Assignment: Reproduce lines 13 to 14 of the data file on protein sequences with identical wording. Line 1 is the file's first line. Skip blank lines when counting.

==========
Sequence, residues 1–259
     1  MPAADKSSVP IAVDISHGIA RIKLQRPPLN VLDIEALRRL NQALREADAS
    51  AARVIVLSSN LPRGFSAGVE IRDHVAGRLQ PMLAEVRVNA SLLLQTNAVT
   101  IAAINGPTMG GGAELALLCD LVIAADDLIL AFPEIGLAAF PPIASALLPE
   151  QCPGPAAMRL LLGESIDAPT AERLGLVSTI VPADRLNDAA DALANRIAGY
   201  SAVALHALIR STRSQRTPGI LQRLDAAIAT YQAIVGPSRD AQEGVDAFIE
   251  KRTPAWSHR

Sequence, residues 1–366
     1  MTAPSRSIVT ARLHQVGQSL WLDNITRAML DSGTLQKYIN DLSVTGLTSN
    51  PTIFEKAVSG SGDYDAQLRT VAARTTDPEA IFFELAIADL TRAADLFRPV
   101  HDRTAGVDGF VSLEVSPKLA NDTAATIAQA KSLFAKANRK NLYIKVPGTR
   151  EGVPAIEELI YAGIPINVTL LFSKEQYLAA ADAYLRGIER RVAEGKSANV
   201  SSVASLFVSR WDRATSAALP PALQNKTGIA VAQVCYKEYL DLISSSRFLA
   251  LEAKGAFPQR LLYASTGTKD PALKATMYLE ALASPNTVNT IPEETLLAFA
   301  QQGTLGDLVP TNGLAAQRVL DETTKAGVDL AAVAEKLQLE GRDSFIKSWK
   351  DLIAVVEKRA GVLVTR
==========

   201  SSVASLFVSR WDRATSAALP PALQNKTGIA VAQVCYKEYL DLISSSRFLA
   251  LEAKGAFPQR LLYASTGTKD PALKATMYLE ALASPNTVNT IPEETLLAFA